In full “season of rents”, an analysis by in five major academic centres of the country (Bucharest, Cluj-Napoca, Timisoara, Brasov and Iasi) reveals a significant decline in the supply of apartments available for rent. Taking August as a benchmark, where there is usually a surge due the new academic year, data collected indicates a difference of 18.45 percent in the number of deals in the market, dropping from 8,500 ads in 2014 to less than 7,000 in 2015. The downward trend is being felt in varying degrees among the cities analysed.


The decrease of apartments for rent in big cities can be attributed, at least in part, on procurement market stabilization and the resumption of the upward trend in prices. Owners are probably more optimistic and start to regain the courage to put their homes up for sale instead of waiting and settling for revenues from rental. The most affected by this crisis of offers is the city of Cluj-Napoca. However, 7,000 apartments put on the market within 30 days is far below demand,” says Adrian Erimescu, general manager.

In August 2015, Bucharest had 3,608 new rental ads, down 17 percent compared to the same period last year, when there were 4,329 deals. Of the apartments fresh on the market last month, 32 percent were studios (down from a share of 39 percent in 2014), 38 percent were one bedrooms (compared to 39 percent in 12 months ago) and 16 percent two bedrooms (18 percent).

On the other hand, three bedroom apartments and above account for 14 percent of total supply, which marks a significant increase compared to the 4 percent achieved by this category last year.

In Timisoara there was a similar decline of about 17 percent from 929 to 773 new offers. Of all ads published in August, 39 percent were for studios (up from 38 percent last year), 35 percent have targeted one bedroom apartments (down from 41 percent) and 14 percent related to two bedrooms ( from 18 percent in 2014). Like in the capital city, the advance segment of three bedroom apartments went up considerably, from a share of 3 percent in 2014 to 12 percent in 2015.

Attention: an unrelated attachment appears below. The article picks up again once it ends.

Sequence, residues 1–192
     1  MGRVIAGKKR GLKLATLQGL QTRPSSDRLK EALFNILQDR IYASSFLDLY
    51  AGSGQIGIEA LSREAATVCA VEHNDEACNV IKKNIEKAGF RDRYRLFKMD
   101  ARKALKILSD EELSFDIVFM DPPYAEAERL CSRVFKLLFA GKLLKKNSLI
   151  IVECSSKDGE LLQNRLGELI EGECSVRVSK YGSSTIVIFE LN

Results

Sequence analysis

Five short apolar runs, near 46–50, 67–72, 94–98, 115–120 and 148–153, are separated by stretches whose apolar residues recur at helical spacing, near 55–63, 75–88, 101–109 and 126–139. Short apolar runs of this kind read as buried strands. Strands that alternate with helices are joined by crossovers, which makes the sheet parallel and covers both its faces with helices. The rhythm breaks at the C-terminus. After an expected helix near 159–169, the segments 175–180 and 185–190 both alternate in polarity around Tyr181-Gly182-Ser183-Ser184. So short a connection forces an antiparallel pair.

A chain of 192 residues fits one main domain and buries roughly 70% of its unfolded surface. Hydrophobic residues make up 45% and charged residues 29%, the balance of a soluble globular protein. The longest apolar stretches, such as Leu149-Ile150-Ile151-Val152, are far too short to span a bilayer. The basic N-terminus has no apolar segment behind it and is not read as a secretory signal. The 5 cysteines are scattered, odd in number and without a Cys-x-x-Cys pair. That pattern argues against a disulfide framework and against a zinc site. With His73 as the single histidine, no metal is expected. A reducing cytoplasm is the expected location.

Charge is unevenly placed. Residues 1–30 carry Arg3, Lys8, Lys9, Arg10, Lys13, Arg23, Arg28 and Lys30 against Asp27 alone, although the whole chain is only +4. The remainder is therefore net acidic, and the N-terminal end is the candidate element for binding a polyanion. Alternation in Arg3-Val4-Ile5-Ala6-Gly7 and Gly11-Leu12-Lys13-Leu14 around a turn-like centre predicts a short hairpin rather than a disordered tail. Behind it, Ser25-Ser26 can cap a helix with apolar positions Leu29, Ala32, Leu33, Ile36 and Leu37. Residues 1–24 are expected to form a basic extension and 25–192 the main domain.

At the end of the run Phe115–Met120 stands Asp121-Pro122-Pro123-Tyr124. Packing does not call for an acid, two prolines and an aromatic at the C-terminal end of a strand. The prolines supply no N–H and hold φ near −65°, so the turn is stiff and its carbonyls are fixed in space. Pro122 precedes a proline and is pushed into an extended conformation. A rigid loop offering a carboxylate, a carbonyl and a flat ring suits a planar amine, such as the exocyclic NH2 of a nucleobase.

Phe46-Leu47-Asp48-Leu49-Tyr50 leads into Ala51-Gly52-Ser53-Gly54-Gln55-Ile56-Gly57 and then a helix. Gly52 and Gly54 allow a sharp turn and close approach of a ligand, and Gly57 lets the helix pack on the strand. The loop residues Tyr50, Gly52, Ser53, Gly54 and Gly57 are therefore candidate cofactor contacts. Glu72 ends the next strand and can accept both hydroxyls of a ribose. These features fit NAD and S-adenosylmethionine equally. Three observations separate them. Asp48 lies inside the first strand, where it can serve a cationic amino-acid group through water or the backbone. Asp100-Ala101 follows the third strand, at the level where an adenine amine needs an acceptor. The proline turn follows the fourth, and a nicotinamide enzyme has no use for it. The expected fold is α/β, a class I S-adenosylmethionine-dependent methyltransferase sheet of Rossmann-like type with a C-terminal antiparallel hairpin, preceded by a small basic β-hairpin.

In Cluj-Napoca, rental offers decreased by 22 percent during the measured period, from 1,846 to 1,432 apartments. Of properties come onto the market last month, 39 percent were studios (compared to 42 percent in 2014), 41 percent had one bedroom (up from 39 percent) and 15 percent were flats with two bedrooms (compared to 16 percent in above). Unlike other cities examined, Cluj recorded only a slight increase from 3 percent to 5 percent for larger apartments.

In Iasi, the number of new rental ads decreased by 21 percent this year, from 1,032 to 814 properties. Of the offer in August 24 percent of rentals were studios (compared to 26 percent in 2014), 44 percent one bedrooms (down from 49 percent), while homes with two bedrooms had a 20 percent share of the total (compared to 23 percent). Here, the share of housing units with three or more bedrooms increased more significantly from 2 percent to 12 percent.

Brasov showed a 16 percent decline in supply from 372 to 311 properties put on the market both in August 2014 and 2015 respectively. During the time intervals analysed, the share of studios decreased from 43 percent to 40 percent and one bedroom apartments dropped from 42 percent to 39 percent. The two bedroom apartment segment recorded a slight increase, however, from 13 percent to 14 percent, while three bedroom properties and up have come to represent about 7 percent of the market, up from 2 percent last year.

Natalia Martian